“Horrifying” allegations that mental health patients were cruelly mistreated at a Dundee care facility should lead to it being shut down, it has been claimed.
Relatives of former patients at NHS Tayside’s Carseview Centre have spoken of their shock at revelations aired in a BBC Scotland documentary on Monday night which suggested patients were regularly bullied and violently subjected to face-down restraints, and that illegal drugs could be easily obtained in the unit.
Now there have been demands from some quarters calling for the unit to be closed completely in the wake of claims made in the programme.
Professor Peter Tyrer, who co-wrote guidelines on how to handle mental health patients, told the BBC he was concerned the culture at Carseview had become so toxic it should be closed.
“I know that there are various changes going on there but I think once you get a culture like that which has been there for a long time, it’s very difficult to move it,” he said.
“What really concerns me is that if this unit persisted, it would represent a continuing scandal in mental health care.”
Professor Tyrer added that the evidence suggested a hospital “out of control”, while another expert, Professor Joy Duxbury, of Manchester Metropolitan University, labelled Carseview “an institution in crisis”.
The programme highlighted claims from former patient Adele Douglas, from Forfar, who said she had been forcibly held down for more than 45 minutes, far in excess of guidelines which state the practice should not be used for longer than 10 minutes.
It also told the story of Christopher Dunsmuir, who said he feared he was going to be raped after being held down by six staff before being injected with a tranquilizer.
His mum Lorraine said: “He said he had never felt so horrible or lost in his life.”
There were also allegations that such incidents of restraint had not been properly recorded.
With the programme now broadcast, calls for the allegations to be investigated thoroughly as part of the independent inquiry into mental health services within NHS Tayside – commissioned by new health board chair John Brown – have been stepped up.
“These allegations are horrifying,” said Labour shadow health secretary Anas Sarwar.
“This is yet another example of the sad reality of mental health services, and the treatment of patients, not being equivalent with physical health.
“Labour will continue to press the government to ensure parity of esteem.”
Conservative Angus MP Kirstene Hair called for a “robust response” from NHS Tayside on what she described as the “outrageous” behaviour highlighted in the programme, and said anything less would be a “betrayal of patients”.
“Some of the people interviewed on the documentary were referred to Carseview from Angus,” she noted.
“If there was already a cultural problem there, a large increase in workload from transferring dozens more Angus patients will not have improved conditions – but added to the mounting pressures.
“This documentary is a warning to NHS Tayside and Nicola Sturgeon’s government about the human cost of eroding local services.”
Liberal Democrat health spokesman Alex Cole-Hamilton MSP also called on ministers to look at the “culture of care” at Carseview.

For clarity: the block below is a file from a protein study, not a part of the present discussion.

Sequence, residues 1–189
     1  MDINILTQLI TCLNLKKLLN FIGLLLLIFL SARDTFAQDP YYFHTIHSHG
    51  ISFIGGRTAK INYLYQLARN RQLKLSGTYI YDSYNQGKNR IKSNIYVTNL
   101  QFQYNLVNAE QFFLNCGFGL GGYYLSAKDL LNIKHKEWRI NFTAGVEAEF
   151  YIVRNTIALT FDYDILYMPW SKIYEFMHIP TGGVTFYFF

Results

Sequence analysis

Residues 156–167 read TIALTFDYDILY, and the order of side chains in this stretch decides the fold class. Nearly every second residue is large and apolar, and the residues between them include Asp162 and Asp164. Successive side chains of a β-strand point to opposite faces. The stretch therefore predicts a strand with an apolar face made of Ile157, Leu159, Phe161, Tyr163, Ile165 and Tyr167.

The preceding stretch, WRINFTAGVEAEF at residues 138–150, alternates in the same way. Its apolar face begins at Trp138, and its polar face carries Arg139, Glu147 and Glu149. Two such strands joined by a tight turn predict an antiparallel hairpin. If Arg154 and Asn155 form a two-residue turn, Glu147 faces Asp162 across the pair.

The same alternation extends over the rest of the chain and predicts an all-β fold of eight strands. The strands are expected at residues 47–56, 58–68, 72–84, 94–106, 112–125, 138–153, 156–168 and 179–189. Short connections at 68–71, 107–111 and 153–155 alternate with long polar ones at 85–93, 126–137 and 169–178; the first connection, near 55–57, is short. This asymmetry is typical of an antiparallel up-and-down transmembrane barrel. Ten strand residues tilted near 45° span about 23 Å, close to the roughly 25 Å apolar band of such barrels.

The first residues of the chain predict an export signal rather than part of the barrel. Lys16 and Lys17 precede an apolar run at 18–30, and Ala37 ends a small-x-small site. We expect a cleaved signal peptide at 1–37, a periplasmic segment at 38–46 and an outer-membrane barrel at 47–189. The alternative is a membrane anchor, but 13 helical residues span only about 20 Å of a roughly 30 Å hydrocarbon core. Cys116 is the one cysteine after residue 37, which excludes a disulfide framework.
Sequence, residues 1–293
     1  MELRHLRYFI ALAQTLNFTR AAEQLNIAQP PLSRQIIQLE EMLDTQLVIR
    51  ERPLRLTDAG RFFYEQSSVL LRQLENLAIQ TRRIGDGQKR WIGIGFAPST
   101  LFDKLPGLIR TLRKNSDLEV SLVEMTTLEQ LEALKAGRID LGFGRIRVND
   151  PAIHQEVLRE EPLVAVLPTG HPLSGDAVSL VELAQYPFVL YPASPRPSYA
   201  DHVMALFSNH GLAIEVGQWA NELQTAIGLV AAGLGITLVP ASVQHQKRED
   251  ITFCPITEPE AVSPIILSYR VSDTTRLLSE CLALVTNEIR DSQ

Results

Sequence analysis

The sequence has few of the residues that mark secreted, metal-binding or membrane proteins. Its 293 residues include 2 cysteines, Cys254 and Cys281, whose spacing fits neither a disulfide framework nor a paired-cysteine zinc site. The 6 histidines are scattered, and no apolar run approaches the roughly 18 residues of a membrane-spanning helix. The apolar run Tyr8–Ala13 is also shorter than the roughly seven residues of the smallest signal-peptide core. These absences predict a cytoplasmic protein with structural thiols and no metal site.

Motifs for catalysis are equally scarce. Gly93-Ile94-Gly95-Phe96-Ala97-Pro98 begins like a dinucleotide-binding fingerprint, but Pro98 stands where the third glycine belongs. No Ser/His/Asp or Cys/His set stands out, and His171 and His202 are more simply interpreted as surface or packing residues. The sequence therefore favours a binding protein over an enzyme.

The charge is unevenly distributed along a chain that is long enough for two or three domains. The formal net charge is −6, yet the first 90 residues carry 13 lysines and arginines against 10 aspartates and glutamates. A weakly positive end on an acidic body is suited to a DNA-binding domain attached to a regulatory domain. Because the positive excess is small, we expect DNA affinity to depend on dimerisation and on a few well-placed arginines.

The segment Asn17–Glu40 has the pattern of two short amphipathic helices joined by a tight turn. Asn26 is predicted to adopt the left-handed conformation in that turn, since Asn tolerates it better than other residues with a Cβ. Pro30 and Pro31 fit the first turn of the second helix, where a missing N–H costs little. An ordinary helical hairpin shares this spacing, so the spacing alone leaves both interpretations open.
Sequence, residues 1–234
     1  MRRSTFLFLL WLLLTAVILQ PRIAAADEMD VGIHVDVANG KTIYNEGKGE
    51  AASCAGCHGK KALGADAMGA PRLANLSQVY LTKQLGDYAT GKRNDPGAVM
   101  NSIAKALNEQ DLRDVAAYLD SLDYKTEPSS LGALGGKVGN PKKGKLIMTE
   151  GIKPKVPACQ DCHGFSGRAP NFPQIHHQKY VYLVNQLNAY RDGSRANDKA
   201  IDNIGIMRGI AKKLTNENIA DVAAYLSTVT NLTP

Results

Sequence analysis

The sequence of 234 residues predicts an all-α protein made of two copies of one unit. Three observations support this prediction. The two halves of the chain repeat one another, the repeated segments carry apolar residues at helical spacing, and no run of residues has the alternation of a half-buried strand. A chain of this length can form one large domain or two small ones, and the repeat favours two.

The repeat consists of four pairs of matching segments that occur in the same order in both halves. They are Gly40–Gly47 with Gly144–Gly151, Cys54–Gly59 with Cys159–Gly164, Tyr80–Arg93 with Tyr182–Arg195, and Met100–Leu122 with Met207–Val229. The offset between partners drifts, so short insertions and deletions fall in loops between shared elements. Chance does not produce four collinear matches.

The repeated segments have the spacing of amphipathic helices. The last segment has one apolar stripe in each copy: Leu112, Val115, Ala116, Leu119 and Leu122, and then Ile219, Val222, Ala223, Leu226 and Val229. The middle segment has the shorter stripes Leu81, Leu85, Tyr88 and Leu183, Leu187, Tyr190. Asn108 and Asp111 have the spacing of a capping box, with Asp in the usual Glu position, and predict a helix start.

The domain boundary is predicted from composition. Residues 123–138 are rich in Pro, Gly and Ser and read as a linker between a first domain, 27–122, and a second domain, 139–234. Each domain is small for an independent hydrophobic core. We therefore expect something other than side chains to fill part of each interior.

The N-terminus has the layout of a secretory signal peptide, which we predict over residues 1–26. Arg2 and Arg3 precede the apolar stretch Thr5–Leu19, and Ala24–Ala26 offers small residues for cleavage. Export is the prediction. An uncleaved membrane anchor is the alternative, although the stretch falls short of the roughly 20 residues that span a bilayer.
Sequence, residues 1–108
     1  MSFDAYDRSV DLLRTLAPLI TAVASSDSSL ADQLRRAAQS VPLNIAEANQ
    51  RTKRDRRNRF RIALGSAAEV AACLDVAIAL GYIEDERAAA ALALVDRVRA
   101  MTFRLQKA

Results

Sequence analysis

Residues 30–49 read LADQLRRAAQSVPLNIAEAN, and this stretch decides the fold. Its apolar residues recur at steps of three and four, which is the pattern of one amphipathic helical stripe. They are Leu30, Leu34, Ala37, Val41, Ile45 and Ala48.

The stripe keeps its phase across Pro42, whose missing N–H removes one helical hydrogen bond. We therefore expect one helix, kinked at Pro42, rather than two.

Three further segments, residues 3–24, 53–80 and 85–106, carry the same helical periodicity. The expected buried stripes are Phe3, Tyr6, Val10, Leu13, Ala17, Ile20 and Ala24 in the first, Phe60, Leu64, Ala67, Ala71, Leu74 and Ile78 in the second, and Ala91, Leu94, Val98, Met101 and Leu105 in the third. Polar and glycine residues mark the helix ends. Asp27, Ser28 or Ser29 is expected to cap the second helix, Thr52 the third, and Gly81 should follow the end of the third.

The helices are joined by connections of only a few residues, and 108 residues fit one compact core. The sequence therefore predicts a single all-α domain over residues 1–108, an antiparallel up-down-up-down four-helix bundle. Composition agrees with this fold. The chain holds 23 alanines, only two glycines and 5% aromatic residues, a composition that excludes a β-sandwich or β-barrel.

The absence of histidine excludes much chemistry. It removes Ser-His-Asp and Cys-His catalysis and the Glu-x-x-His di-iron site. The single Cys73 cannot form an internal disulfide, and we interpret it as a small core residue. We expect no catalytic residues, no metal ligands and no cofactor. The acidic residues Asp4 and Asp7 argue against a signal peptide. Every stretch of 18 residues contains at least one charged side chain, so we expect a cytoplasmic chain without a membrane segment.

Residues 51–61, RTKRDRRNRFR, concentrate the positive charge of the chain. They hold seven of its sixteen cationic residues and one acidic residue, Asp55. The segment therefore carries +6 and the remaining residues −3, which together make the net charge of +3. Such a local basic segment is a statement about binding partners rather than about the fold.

“Scotland’s mental health services as a whole are under extreme funding and staffing pressures but this can’t be allowed to fall through the cracks,” he said.
“People being treated for mental ill health need support and empathy. No one should feel unsafe in their time of need.”
A total of 24 former patients told the BBC about their experience in the NHS Tayside unit.
Sixteen said illegal drugs could be obtained in the centre and 11 said they have been unreasonably restrained with their faces on the floor.
A further seven said they had witnessed other patients being unreasonably restrained on the ground.
NHS Tayside chair Mr Brown said has responded to the BBC on behalf of the board.
“As a board, we are very concerned by the nature of these allegations relating to the Carseview Centre,” he said in a statement.
“We would very much like the opportunity to investigate all of these claims in full and therefore we would ask that the patient testimonies featured in the BBC programme are provided to us for that purpose. As you would expect, we cannot discuss individual cases in the public domain due to reasons of patient confidentiality.
“As the new chairman of NHS Tayside, I have been listening very carefully to families and patients about their experiences of mental health services and, in response, I have commissioned an independent inquiry into services in Tayside.
“To ensure a truly independent approach, the ALLIANCE – a national intermediary organisation – is already leading the involvement of patients, families, the public, the third sector and mental health charities in the inquiry. We have been clear from the beginning that we wanted to provide a public platform for the concerns of families and the public and I give everyone my assurance that all claims and allegations received will be included in the transparent body of evidence gathered by the inquiry and fully investigated.
“If anyone would prefer to come to us directly with concerns, separate from the independent inquiry, then please contact the department of Chief Executive of NHS Tayside, Malcolm Wright.
“We take any concerns raised with us very seriously and we want to be able to investigate people’s experiences in detail and take any appropriate action. That is why I would encourage patients to come forward and share their own stories with us. We will listen and we will act.”